Online Program

Building effective policies to reducing non-communicable disease: The relevance of the alcohol experience for curtailing unhealthy diets, physical inactivity and tobacco use

Monday, November 4, 2013 : 2:50 p.m. - 3:10 p.m.

Norman Giesbrecht, PhD, Social & Epidemiological Research Department, Centre for Addiction and Mental Health, Toronto, ON, Canada
Esa Osterberg, MSc, Department of Alcohol and Addictions, National Institute for Health and Welfare, Helsinki 00271, Finland
Maria Quadri, BSC, Social & Epidemiological Research Dept., Centre for Addiction & Mental Health, Toronto, ON, Canada
Robin Room, PhD, School of Public Health, University of Melbourne, Turning Point Alcohol andDrug Centre, Melbourne, Australia
Ingeborg Rossow, PhD, DDS, Norwegian Institute for Alcohol and Drug Research, Oslo, Norway
Laura A. Schmidt, PhD, MSW, MPH, Philip R. Lee Institute for Health Policy Studies and Department of Anthropology, History and Social Medicine, School of Medicine, University of California, San Francisco, San Francisco, CA
Pekka Sulkunen, PhD, Soc Sc, Kone Foundation Fellow at the Helsinki Collegium fo Advanced Studies, University of Helsinki, Helsinki, Finland
Background: Non-communicable diseases (NCD) comprise half of the overall global disease burden. Four proximal risk factors – alcohol use, tobacco use, physical inactivity, and unhealthy diet intake – account for a significant fraction of this disease burden. There are many parallels in policymaking on these risk factors, but the literatures on them have been largely separate. This presentation contributes thinking on the cross-over potential with regard to these risk factors, by examining how the alcohol experience – promotion or erosion of controls – can inform initiatives to control the other three risk factors. Methods: The authors reviewed over 50 papers published since 2000, including those that compared policy and prevention experiences involving at least two of the four risk factors. Results: Price, controls on physical availability, type of retailing system and controls on marketing and promotion are relevant to all four risk factors, although they have not been widely implemented to curtail physical inactivity or promote healthy diets. Other interventions such as prohibitions on selling to minors, server training and offering brief interventions for those at higher risk are more relevant to alcohol and tobacco. For tobacco, policies on outlet availability are under-developed, and government retailing of tobacco seldom used. Conclusions: NCD prevention will benefit from cross-referencing and comparison between risk factors of findings on the most effective policies and interventions – considering scope of impact and cost to implement. The alcohol experience provides insights, as well as cautions.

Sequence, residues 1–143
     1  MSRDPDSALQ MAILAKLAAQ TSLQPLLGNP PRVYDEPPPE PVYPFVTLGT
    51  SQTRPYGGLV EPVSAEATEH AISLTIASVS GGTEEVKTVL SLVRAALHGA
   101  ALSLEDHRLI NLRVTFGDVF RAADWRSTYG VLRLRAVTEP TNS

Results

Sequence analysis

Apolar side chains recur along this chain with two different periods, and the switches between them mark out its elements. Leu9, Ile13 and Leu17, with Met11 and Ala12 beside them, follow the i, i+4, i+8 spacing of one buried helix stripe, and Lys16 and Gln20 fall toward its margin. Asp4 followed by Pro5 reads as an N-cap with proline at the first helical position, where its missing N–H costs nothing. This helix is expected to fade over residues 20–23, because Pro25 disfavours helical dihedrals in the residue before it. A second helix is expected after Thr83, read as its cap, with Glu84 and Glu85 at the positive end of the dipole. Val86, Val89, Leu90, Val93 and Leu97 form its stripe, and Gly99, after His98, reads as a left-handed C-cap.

Learning Areas:

Chronic disease management and prevention
Public health or related public policy

Learning Objectives:
Compare policies and interventions focusing on four risk factors for non-commmunicable disease (NCD): alcohol consumption, tobaco use, unhealthy diet, physical inactivity. Assess the relevance of the alcohol experience - both effective controls and erosion of controls for policies reducing the other three risk factors Identify benefits of cross-referencing and comparison of current and potential interventions across risk factors to reduce NCD

Keyword(s): Public Health Policy, Chronic Diseases

Presenting author's disclosure statement:

Qualified on the content I am responsible for because: I have worked on policy issues for over 30 years, both as a researcher and an advocate, and participated in previous analyses that examined several risk factors for chronic disease
Any relevant financial relationships? No

I agree to comply with the American Public Health Association Conflict of Interest and Commercial Support Guidelines, and to disclose to the participants any off-label or experimental uses of a commercial product or service discussed in my presentation.